Meade at Gettysburg by Kent Masterson Brown

Book Review presents reviews of recent publications on Pennsylvania subjects by noted scholars, historians and journalists.

Meade at Gettysburg
A Study in Command
by Kent Masterson Brown
University of North Carolina Press, 488 pp., hardcover $35

In Meade at Gettysburg, Kent Masterson Brown breaks new ground on a topic that is well-trodden. The Battle of Gettysburg has rightfully taken pride of place as a watershed moment in American history and is among the most studied events of the Civil War. Despite our familiarity though, Brown has dissected the summer of 1863 in a masterful fashion and offers a new interpretation of the event by focusing on the actions and decisions of one of the Army of the Potomac’s most overlooked commanders. George Gordon Meade was almost an afterthought in his own time, as well as in the modern era. As Brown shows, Meade’s commands were critical in the Gettysburg victory and irreplaceable during Lee’s subsequent retreat south.

Throughout the book, Brown uses Meade’s own words and descriptions to reveal his character during high-pressure situations. He was a stoic man, unexcitable and mild. He seemed to envision the war in a manageable and personable way. His sisters lived in Mississippi and South Carolina and were ardent Confederates; two of his own nephews were killed in battle for the rebel cause. Despite these complex family ties, Meade never wavered in his service to the Union. These stories dug up by Brown add valuable context to Meade and his decision-making process. In the book, Brown builds a familiar narrative of the Gettysburg Campaign and offers an hourly account of the battle from Meade’s oft-overlooked perspective.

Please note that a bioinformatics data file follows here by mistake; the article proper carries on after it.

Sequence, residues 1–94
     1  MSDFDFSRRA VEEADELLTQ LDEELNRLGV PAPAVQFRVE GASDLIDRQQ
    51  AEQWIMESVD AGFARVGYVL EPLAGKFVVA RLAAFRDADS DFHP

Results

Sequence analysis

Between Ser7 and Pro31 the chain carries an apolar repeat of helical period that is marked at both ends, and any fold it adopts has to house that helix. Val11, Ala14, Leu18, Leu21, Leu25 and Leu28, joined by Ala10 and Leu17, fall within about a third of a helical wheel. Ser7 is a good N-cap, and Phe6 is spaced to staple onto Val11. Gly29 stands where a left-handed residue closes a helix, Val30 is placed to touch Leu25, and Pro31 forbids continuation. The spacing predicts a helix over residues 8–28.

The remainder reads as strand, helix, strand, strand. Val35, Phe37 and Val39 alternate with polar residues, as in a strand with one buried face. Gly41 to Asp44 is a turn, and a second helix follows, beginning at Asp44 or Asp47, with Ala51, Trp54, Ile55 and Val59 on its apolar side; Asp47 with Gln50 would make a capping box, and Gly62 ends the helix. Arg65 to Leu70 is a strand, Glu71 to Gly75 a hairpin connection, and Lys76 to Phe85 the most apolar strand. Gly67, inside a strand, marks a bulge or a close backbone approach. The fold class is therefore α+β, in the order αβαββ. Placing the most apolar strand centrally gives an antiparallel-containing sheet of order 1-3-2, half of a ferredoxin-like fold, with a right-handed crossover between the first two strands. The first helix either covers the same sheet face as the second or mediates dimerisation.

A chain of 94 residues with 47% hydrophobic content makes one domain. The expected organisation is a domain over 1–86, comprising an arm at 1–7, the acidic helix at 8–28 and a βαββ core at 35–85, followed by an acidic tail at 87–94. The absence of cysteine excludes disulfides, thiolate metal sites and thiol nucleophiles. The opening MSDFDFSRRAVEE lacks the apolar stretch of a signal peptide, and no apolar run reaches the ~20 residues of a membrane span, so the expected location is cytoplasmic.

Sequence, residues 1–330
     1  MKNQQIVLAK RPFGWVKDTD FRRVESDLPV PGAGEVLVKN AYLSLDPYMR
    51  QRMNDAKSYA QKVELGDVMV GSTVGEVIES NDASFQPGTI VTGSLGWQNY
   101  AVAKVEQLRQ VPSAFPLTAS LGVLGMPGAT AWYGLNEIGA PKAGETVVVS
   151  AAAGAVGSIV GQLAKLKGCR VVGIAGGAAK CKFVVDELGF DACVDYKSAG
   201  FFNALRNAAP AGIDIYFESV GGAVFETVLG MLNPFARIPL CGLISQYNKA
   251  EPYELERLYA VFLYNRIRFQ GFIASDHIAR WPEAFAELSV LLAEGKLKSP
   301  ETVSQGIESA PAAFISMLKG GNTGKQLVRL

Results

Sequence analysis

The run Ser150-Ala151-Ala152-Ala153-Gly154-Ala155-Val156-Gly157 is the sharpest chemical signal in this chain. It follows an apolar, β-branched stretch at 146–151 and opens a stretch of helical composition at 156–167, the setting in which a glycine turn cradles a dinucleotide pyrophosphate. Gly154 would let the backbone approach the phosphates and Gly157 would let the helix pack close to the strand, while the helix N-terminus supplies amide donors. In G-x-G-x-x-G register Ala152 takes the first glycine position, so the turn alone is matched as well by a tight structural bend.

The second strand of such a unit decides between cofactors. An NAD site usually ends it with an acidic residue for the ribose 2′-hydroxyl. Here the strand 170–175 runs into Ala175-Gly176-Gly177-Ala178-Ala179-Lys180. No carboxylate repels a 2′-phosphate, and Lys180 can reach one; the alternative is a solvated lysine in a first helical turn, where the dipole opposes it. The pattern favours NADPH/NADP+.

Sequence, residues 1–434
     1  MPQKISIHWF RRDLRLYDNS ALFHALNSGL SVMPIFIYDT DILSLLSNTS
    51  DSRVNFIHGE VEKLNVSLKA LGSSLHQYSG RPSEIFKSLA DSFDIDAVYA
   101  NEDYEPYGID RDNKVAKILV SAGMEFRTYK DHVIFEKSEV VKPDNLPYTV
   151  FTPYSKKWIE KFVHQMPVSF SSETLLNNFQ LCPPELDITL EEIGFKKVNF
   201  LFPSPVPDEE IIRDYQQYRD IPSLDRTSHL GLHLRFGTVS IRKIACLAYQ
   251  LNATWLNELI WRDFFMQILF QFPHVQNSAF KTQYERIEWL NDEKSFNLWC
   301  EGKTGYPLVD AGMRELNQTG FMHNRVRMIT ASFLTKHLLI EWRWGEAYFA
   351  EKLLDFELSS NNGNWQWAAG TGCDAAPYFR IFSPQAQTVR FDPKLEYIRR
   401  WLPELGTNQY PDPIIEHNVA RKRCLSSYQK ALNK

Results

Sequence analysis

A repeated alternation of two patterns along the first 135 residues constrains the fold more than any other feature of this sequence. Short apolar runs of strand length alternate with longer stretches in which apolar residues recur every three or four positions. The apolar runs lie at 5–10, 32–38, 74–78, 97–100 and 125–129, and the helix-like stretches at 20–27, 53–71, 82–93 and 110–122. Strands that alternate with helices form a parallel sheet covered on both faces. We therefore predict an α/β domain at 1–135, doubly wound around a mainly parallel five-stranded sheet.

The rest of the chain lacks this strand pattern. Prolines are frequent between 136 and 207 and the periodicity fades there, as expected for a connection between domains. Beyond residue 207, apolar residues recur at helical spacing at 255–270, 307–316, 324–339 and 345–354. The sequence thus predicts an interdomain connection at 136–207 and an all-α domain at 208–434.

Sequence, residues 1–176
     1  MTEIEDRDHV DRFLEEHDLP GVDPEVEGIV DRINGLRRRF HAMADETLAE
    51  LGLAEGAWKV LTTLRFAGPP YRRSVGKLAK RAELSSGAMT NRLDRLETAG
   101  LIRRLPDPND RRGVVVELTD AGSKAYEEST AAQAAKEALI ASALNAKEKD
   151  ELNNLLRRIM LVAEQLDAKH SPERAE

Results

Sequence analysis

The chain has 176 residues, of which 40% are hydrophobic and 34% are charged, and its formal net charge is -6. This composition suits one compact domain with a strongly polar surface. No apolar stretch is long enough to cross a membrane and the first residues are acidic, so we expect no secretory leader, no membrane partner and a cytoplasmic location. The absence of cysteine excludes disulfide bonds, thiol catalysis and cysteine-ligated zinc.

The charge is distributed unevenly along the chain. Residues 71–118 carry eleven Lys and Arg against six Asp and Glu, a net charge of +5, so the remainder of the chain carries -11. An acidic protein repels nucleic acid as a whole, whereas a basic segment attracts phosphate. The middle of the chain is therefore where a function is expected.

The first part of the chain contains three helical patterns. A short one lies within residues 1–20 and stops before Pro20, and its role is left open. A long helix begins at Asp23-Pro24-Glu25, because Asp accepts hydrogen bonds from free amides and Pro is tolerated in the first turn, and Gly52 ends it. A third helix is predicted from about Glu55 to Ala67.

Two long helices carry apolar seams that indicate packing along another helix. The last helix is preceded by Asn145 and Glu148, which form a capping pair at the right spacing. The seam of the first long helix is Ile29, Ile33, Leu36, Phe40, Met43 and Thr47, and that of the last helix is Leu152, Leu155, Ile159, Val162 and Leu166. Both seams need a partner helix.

The greatest contribution of Meade at Gettysburg comes from Brown’s analysis of the logistical challenges of the Army of the Potomac. Using a wealth of primary sources, Brown reveals that the Union Army entered the Battle of Gettysburg hobbled by a supply shortage and won in spite of it. In the aftermath of the battle, Meade became a scapegoat in northern newspapers for allowing Lee to escape back across the Mason-Dixon Line. Brown redeems Meade by arguing that those same supply deficiencies greatly hampered the Army’s ability to compete and states that allowing Lee to retreat was the proper decision. Though President Abraham Lincoln believed that “we had only to stretch forth our hands and they were ours,” Kent Masterson Brown and George Gordon Meade saw the situation very differently.

Brady J. Crytzer
Robert Morris University